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Setting Up a CVS Repository

August 4, 2008 1 comment

I use Concurrent Versions System (CVS) for almost every important source code file. It acts as a backup copy for valuable information and is also very useful when multiple developers are working on the same project.

A concurrent versions system is used to manage source code changes over time and across multiple developers. These days CVS is one of the most widely used source code management systems for software development.

Although there are many applications that perform well as a CVS repository manager, “CVS” and “Subversion” are preferred by most people.

The next steps will get you started with the creation of a CVS repository with the plus that all the information is going to travel through a secure tunnel: SSH

The requirements are fairly easy: A computer with SSH capabilities and cvs installed. For this example lets suppose the IP of our server is 10.50.51.52.

As always, yum and apt-get will help you get the needed files (if you don’t already have them).

On Debian based systems:
$ apt-get install cvs

On Fedora based systems:
$ yum install cvs

You can check the installation with the next command

$ cvs - v

It is strongly recommended to use CVS version 2.11 or higher. Previous versions contain bugs on some Intel architectures.

First of all you need to create a default cvs group and user.

$ useradd -g cvs cvsadmin
$ passwd cvsadmin
$ su - cvsadmin

Now create the folder where you are going to put the source files. It is best to chose one with plenty of space for the backups.

# mkdir /opt/cvsroot

It is time to define the CVS repository pointing to the newly created folder.

# cvs server -d /opt/cvsroot

This command will create a folder named “CVS” inside /cvsroot and put some files containing internal data of the cvs repository (all directories under CVS control will have this subdirectory). It is a useful practice to take a look at the content of the CVS files, but there is 99% chance you will never have to modify them.

Your CVS repository is up and ready but nobody is still using it. Your fellows John, Jane and Peter are desperate asking you to backup their source code versions.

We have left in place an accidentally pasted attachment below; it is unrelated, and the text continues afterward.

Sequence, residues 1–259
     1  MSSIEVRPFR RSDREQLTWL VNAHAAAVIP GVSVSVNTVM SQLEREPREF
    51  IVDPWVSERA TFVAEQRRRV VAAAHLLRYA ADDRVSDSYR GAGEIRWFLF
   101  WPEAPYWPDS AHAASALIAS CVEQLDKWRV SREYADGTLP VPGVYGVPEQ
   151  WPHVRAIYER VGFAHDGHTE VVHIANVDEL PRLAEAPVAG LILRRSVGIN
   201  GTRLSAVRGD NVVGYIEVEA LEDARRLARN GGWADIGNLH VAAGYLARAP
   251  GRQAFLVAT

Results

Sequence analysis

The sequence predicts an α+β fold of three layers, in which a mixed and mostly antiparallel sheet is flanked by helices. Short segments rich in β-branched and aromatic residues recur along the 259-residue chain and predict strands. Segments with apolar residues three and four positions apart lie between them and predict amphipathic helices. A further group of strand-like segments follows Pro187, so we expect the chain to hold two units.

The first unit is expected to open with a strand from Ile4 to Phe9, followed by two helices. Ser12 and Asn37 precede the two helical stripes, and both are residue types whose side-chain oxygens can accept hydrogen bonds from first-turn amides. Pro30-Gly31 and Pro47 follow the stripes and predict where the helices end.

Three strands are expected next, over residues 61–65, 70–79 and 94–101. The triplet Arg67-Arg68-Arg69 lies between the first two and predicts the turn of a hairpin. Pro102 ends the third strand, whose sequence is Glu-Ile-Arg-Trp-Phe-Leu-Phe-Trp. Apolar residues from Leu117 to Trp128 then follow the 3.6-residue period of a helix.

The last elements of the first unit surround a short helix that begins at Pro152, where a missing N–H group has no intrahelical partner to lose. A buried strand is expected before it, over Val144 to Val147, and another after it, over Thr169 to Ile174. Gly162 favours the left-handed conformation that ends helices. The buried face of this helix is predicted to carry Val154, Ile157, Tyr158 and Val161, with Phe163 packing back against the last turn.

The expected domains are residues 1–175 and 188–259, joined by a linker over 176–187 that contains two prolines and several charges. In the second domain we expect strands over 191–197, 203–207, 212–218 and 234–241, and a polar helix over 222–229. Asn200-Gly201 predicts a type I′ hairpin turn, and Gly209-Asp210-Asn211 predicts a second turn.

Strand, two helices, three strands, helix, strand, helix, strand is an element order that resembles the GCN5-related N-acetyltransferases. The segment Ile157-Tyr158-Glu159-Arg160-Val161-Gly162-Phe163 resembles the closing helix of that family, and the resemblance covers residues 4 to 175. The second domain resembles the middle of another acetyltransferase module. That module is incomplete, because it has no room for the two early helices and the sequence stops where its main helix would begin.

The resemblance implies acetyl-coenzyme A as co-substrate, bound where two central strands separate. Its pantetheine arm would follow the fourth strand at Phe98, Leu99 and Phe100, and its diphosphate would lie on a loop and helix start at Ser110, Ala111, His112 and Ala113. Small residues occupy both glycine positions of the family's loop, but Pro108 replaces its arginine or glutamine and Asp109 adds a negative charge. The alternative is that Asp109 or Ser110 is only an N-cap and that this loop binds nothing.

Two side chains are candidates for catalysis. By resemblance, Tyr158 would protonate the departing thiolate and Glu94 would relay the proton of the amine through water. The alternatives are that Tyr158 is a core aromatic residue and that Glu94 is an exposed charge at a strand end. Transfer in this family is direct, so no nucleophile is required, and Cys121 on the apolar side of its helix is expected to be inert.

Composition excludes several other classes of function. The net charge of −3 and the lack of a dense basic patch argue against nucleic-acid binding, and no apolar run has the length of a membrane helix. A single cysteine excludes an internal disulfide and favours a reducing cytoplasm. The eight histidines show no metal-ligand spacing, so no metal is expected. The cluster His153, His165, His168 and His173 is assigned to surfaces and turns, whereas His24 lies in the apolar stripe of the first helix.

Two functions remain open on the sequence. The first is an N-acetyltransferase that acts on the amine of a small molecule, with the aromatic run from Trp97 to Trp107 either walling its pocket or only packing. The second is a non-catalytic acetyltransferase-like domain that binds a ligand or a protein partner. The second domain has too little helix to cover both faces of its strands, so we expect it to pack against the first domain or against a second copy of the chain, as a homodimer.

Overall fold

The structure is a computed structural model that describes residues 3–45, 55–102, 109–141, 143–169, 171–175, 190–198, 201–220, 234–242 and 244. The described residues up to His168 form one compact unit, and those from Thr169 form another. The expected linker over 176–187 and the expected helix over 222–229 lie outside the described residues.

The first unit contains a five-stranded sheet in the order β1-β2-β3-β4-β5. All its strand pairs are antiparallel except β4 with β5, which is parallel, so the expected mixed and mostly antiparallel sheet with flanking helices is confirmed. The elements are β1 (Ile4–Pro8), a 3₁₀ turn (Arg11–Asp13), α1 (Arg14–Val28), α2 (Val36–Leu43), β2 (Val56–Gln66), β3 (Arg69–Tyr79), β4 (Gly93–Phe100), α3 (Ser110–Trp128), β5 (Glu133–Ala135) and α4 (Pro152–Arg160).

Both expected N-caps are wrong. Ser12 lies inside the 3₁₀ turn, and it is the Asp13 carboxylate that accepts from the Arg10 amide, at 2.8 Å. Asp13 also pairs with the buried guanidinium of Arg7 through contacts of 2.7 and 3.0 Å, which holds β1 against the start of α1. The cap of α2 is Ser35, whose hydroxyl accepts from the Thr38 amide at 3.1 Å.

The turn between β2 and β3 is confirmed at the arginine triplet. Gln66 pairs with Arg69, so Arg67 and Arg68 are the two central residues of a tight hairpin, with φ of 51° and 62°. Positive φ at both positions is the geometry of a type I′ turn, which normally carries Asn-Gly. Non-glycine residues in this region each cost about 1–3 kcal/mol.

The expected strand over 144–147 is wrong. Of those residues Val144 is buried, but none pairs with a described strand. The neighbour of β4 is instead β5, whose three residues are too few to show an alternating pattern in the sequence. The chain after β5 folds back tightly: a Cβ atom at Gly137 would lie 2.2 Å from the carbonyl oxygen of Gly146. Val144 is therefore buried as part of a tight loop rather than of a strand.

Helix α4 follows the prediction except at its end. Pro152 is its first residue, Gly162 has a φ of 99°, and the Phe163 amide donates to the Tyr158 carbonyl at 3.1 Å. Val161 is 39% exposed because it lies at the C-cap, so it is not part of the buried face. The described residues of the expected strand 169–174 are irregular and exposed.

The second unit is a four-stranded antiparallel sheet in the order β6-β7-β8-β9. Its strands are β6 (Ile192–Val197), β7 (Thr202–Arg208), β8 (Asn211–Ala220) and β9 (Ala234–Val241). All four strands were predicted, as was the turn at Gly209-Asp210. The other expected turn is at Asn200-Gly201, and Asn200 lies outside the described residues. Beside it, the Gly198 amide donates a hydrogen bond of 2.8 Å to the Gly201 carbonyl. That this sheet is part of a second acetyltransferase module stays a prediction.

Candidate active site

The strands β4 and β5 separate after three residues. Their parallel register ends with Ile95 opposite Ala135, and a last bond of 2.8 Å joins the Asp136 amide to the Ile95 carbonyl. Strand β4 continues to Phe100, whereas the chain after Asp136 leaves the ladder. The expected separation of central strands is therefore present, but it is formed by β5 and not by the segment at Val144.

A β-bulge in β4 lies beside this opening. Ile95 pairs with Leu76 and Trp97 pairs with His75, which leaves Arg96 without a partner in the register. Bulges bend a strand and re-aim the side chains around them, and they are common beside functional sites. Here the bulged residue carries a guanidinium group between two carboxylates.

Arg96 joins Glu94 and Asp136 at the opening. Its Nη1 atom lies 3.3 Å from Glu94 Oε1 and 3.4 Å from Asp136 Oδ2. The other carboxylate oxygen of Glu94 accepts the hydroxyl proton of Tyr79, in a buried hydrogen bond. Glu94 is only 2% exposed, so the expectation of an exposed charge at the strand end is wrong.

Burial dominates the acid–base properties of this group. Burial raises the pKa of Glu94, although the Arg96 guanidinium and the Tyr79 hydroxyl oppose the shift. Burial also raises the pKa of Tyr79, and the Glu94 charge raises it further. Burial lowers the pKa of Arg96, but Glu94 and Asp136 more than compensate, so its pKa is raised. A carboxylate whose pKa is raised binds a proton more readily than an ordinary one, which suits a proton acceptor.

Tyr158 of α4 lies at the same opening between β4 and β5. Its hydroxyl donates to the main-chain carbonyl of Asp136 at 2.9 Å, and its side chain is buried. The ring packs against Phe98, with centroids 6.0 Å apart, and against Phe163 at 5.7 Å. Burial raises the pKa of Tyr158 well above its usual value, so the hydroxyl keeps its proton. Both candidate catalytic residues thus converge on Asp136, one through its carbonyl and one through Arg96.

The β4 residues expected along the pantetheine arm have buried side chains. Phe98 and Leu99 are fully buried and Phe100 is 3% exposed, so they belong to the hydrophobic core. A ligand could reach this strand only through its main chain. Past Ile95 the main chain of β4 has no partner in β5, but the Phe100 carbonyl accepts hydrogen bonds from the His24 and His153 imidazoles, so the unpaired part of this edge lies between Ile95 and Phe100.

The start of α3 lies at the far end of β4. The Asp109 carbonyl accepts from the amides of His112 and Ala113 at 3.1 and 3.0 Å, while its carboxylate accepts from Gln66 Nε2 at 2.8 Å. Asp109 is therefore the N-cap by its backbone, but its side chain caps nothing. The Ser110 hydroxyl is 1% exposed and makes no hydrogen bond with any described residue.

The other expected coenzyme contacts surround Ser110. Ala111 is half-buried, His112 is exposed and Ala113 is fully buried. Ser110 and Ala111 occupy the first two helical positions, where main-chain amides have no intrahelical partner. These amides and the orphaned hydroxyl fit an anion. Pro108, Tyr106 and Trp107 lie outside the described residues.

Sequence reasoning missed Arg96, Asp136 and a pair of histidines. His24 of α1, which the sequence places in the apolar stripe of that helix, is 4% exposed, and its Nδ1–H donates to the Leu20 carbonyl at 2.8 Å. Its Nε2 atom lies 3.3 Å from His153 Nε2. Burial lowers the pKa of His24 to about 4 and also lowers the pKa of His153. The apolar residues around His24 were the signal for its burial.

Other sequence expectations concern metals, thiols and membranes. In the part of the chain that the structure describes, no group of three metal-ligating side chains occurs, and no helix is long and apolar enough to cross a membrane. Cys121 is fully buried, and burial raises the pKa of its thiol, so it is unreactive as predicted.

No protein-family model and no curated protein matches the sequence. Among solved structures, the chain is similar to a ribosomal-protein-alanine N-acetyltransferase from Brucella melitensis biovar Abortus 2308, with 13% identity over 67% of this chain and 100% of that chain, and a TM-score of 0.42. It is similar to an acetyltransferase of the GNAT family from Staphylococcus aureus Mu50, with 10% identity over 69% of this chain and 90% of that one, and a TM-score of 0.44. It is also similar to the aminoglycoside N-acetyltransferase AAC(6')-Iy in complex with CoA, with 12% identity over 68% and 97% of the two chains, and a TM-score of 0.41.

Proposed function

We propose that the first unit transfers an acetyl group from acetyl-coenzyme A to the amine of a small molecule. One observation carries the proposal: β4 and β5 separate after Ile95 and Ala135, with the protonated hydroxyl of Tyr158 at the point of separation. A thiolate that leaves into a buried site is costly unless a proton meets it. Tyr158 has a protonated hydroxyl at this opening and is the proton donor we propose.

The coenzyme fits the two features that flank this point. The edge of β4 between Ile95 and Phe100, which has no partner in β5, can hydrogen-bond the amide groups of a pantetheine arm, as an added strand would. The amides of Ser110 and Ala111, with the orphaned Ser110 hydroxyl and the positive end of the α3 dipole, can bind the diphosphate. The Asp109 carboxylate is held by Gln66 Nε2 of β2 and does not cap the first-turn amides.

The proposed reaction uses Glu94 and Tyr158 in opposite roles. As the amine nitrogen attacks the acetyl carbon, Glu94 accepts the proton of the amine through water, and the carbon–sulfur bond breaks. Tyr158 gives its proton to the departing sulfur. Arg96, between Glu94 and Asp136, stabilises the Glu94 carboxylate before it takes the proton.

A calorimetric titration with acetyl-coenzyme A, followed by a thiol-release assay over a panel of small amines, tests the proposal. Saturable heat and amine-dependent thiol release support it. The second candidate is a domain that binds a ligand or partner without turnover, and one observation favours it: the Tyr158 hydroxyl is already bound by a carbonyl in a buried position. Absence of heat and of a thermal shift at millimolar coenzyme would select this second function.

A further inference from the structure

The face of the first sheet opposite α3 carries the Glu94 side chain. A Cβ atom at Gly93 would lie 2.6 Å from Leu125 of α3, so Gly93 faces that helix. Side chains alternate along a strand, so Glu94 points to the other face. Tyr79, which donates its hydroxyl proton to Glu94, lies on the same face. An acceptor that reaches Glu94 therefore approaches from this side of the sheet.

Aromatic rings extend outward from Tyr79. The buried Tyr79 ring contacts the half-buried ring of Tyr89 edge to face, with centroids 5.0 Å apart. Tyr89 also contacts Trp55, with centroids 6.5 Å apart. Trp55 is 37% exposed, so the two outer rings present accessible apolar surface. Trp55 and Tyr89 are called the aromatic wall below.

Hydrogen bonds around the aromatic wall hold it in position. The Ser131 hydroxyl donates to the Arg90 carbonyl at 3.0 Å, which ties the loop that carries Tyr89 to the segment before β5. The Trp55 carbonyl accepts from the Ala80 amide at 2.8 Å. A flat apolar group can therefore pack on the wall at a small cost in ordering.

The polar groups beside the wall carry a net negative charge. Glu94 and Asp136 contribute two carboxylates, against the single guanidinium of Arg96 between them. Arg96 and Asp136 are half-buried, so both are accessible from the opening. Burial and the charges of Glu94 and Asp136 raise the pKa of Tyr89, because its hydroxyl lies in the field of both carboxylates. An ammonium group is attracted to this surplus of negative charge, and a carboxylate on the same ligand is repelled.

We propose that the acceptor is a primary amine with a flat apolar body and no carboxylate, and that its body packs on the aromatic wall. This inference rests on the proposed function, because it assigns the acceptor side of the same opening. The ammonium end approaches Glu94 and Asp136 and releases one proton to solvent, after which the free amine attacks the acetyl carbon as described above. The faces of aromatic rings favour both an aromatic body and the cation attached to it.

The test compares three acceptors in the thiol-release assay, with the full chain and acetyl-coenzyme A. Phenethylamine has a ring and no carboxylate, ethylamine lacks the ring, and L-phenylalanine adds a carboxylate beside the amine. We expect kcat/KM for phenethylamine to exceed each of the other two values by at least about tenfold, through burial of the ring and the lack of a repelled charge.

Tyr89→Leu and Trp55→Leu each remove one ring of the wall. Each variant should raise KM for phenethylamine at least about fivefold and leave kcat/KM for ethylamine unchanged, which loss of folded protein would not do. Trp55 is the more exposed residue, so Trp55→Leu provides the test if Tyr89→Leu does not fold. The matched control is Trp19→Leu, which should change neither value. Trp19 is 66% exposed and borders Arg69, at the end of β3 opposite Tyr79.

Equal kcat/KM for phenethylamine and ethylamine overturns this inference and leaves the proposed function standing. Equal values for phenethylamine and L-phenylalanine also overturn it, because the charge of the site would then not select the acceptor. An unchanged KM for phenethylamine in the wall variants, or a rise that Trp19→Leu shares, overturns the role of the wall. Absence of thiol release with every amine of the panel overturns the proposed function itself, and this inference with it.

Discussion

So lets add some users. Remember to assign them to group cvs, otherwise they will have a “Permission denied” error.

$ useradd -g cvs john
$ useradd -g cvs jane
$ useradd -g cvs peter

$ passwd john
$ passwd jane
$ passwd peter

After this you will need to call John, Jane and Peter and tell them to run the following code on their machines:

For John:
# export CVSROOT = :ext:john@10.50.51.52:/opt/cvsroot

For Jane:
# export CVSROOT = :ext:jane@10.50.51.52:/opt/cvsroot

For Peter:
# export CVSROOT = :ext:peter@10.50.51.52:/opt/cvsroot

Note the IP address pointing to the CVS server. Every CVS user has the ability to add new data to the repository.

This is it, you have set up a CVS server!. But, how to use it?

Here is a brief example. Suppose John wants to upload the stable version of the project /home/SourceCode/:

# cd /home/SourceCode/
# cvs import -m "This is the stable version" SourceCode start version1.0

The template is the following:

# cvs -m [PERSONAL COMMENT] [NAME OF THE MODULE] [MODULE COMMENT] [BRANCH]

But then Jane and Peter want to get a copy of what Jonh uploaded to the CVS.

# cd /home/
# cvs checkout SourceCode

Checking out a project in CVS will create a CVS working copy. There is a shortcut for the command cvs checkout. Just type cvs co.

Then Jane finds a bug and edits the source code of the file index.html. To upload her changes she just have to issue the next command:

# cvs commit /home/index.html

And someday Jane calls you saying she screwed up her local copy of the index.html file and now the code is a mess. Do not worry, to recover the last stable version from CVS, then just update your files with the following command:

# cvs update /home/index.hml

This has been a fun little example. You can delete all the /opt/cvsroot/ stuff if you like now. Try putting something real into CVS, just to get yourself using it regularly.

CVS has fully compatible versions on Unix, Linux, Windows and MacOS. There are also simpler interfaces, web-based. When you’re ready, here are some other links:

CVS Official Web
CVS Official Manual

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